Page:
[Below is the latest from the Human Rights Watch (HRW) on Syria.]
"We've Never Seen Such Horror": Crimes Against Humanity by Syrian Security Forces
Since the beginning of anti-government protests in March 2011, Syrian security forces have killed hundreds of protesters and arbitrarily arrested ... Read More »
Hamza Ali al-Khatib, a 13-year old boy, was attending a protest calling for the end of the siege of Der'a. He was one of the many individuals detained that day as part of a brutal crackdown on the protest. One month later, his body was released to his family with clear signs that he had been tortured. Videos of his ... Read More »
Two weeks ago Israel attacked Lebanon. Troops opened fire on a large group of protestors at the border between these two states. The Israeli army used live ammunition, killing at least eleven civilians and wounding over 100 others, some critically. The Lebanese army also fired their weapons at, and over, the ... Read More »
[On Wednesday May 18th, 2011, President Obama issued a letter addressed to both the Speaker of the House and the President of the Senate in regards to a new set of US sanctions on Syria. The letter was originally made public by The White House Press Secretary and can be found here.]
For Immediate Release
May ... Read More »
أنهى سعد الله ونوس مسرحية "الفيل يا ملك الزمان" بالنبوءة التالية:
الجميع :هذه حكاية.
ممثل 5: ونحن ممثلون.
ممثل 3: مثلناها لكم لكي نتعلم معكم عبرتها.
ممثل 7: هل عرفتم الآن لماذا توجد الفيلة؟
ممثلة 3: هل عرفتم الآن لماذا تتكاثر الفيلة؟.
ممثل 5: لكن حياتنا ليست الا البداية.
ممثل 4: عندما تتكاثر الفيلة ... Read More »
This is our fifth weekly edition of Jadaliyya's Culture. Previous weeks can be found here, here, here and here.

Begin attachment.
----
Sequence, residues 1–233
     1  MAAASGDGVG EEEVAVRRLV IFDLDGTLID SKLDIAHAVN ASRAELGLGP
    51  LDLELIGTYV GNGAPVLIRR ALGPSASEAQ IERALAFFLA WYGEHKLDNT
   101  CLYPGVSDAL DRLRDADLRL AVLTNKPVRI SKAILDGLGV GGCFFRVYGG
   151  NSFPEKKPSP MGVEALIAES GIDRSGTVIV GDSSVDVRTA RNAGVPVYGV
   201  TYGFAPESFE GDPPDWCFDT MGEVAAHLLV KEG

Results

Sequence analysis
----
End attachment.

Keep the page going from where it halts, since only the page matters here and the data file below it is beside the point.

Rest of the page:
This week's offerings include:
The conclusion of Sinan Antoon's translation of "Mirrors of Absence" by Syrian dissident poet, Faraj Ahmad ... Read More »
This is the second part of selected excerpts from Faraj Bayraqdar's "Mirrors of Absence," written in Saydnaya Prison, Syria, between 1997-2000. The first part was published last week.
Mirrors of Absence
It is neither bias
there is no graveyard
in this world or the ... Read More »
Many supporters of Hizbullah's resistance are at a loss when it comes to its position on the Syrian regime and the uprisings. The following video is from a Tunisian satellite channel whose show "WIthout Flattery" hosted a discussion with various Arab poets on the state of the Arab world. In it, popular ... Read More »
[The following statement was issued by the Embassy of the Syrian Arab Republic in Washington D.C. in response to a recent New York Times article that extensively quoted Syria's leading businessman and cousin of President Bashar al-Asad, Rami Makhlouf, on developments in Syria. The original article can be found ... Read More »
This is our fourth weekly edition of Jadaliyya's Culture. Previous weeks can be found here, here and here.
This week, with Hamdy El-Gazzar's قالت الجدة ("Quoth the Grandmother," trans. by Alex Ortiz), we initiate Hakadha narwi al-thawra, a new series of fiction from the revolutionary Arab ... Read More »